A. To display God's Grace
That God did not withdraw His grace after the first or any subsequent rebellion is itself grace. That He did not cease to communicate with mankind after people turned away from Him is no small wonder. That He continued to provide the means through general revelation whereby people can know something about the true God displays His continuing grace. Some are affected positively by that common grace, showing evidence of morality and often of seeking more truth.
B. To Give Weight to the Case for Theism
It is an overstatement to say that these arguments for the existence of God prove the existence of the God of the Bible. Although a number of truths about God are revealed through general revelation, many important thins will never be revealed through that means. But the questions general revelation raises and the answers it points to end support for the claims of theism as opposed to, say, atheism, agnosticism, or evolutionism.
C. To Justly Condemn Rejecters
These lines of evidence do place unregenerate men and women under responsibility to give some response. God intends hat people should be able to see that a mechanistic, atheistic, irrationalistic explanation is inadequate to account for the highly integrated world and the various facets of man. Mankind should respond by acknowledging that there has to be behind it all a living, powerful, intelligent, super-human Being.
If men do not make that minimal but crucial acknowledgment, but rather turn away and offer some other explanation, then God is just if He rejects them and does not offer more truth. The reaction of what is revealed in general revelation is sufficient to condemn justly. But this does not imply that the acceptance of general revelation is sufficient to effect eternal salvation. It is not, simply because there is no revelation of the atoning death of God's Son. (37-38)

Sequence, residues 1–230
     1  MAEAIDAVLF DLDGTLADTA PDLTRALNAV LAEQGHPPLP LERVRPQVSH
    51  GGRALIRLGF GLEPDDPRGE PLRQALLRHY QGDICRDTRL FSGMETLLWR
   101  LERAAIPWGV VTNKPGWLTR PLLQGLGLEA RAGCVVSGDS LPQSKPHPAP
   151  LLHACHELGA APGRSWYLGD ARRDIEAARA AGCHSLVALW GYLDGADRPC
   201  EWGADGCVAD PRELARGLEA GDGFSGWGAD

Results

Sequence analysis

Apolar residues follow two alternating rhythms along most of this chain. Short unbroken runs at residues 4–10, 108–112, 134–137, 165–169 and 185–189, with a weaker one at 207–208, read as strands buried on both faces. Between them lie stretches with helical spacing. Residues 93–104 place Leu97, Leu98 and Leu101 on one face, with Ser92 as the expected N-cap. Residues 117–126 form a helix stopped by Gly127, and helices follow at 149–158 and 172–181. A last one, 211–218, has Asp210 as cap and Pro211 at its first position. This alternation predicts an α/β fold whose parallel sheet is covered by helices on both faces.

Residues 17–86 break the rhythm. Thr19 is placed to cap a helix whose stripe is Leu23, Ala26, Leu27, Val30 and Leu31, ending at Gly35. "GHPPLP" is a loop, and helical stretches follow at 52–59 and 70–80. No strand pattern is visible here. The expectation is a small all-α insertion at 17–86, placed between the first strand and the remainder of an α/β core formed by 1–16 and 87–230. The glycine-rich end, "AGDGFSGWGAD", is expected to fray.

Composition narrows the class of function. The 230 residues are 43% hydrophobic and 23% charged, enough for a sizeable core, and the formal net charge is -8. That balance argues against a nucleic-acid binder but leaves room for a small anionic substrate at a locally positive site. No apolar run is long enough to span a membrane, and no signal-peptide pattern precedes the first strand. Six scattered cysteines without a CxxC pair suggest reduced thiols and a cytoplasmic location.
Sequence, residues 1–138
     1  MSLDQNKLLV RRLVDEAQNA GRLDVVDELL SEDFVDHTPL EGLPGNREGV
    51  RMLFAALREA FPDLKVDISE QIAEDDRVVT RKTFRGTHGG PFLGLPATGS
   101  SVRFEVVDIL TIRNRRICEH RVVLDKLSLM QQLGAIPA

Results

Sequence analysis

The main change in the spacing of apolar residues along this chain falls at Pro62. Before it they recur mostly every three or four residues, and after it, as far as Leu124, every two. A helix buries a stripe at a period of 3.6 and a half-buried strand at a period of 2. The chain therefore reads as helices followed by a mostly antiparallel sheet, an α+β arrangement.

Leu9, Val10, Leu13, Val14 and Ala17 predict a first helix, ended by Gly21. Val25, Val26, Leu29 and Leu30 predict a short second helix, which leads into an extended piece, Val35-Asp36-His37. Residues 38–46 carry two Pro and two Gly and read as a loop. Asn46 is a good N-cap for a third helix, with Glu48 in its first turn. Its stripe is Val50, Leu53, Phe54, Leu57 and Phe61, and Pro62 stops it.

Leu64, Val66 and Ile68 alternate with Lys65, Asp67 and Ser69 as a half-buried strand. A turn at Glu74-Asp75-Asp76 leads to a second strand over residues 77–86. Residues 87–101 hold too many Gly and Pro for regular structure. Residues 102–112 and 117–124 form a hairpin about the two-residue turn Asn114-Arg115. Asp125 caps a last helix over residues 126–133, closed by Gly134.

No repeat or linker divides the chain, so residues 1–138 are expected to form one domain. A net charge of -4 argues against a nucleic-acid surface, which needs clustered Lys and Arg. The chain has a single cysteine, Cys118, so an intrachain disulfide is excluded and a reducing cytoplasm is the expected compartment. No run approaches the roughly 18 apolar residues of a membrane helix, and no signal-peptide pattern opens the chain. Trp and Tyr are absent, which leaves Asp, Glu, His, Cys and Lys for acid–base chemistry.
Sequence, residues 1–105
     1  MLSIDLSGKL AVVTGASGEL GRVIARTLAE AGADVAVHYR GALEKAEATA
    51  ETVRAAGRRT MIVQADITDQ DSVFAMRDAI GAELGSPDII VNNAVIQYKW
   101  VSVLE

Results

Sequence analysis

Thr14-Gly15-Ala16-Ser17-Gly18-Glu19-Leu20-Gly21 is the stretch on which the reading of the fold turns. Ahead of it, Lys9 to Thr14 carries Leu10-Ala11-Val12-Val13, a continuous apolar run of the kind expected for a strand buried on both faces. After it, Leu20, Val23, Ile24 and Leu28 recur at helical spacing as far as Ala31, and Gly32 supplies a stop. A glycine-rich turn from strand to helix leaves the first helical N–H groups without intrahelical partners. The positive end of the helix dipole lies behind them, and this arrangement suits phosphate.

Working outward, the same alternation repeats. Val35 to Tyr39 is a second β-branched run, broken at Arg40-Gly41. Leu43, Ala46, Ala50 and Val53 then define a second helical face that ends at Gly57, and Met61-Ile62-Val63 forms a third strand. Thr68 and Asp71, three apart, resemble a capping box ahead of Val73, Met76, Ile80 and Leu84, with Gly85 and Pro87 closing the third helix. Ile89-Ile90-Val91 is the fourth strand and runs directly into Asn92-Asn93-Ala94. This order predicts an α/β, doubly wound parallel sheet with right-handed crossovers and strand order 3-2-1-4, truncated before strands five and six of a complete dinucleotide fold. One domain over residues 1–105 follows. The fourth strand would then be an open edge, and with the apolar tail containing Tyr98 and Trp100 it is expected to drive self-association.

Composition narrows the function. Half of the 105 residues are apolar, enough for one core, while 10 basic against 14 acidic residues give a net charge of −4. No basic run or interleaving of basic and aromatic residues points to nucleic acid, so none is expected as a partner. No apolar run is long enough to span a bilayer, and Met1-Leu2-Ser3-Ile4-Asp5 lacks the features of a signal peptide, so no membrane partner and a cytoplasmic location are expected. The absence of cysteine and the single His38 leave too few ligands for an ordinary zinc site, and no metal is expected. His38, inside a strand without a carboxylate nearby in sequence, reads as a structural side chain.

For more on Erickson:
Blogizomai - Where to Begin?: Calvin on the Starting Point of Theology - The Knowledge of God & the Knowledge of Man
Blogizomai - Wherefore Art Thou Theological Giants?
Blogizomai - On Special Revelation: Dreams, Visions, Theophanies, and the Word of God
Blogizomai - Where is the Gospel? Charles Hodge & the Insufficiency of Natural Theology
Blogizomai - Is Hell Real?: The Difference Between Emergent Agnostic Doctrine & Orthodoxy
Blogizomai - Repost | "Life's Biggest Questions" by Erik Thoennes
Reviews - The Top 5 Essential Works of Theology of the Past 25 Years
Reviews - "Doctrine"
Reviews - "The Good News We Almost Forgot"
Reviews - "Dug Down Deep" by Josh Harris
Reviews - "Heresy"
Reviews - "Christianity's Dangerous Idea" by Alister McGrath
Reviews - "The Theology of the Reformers"
Blogizomai - Repost | Schreiner on the Practice of Inaugurated Eschatology
logizomai - We Are All Theologians: The Root of Everything We Are and Do
Blogizomai - Lewis on Practical Theology
Blogizomai - The Meaning & Implications of the Resurrection
Blogizomai - Lewis on Practical Theology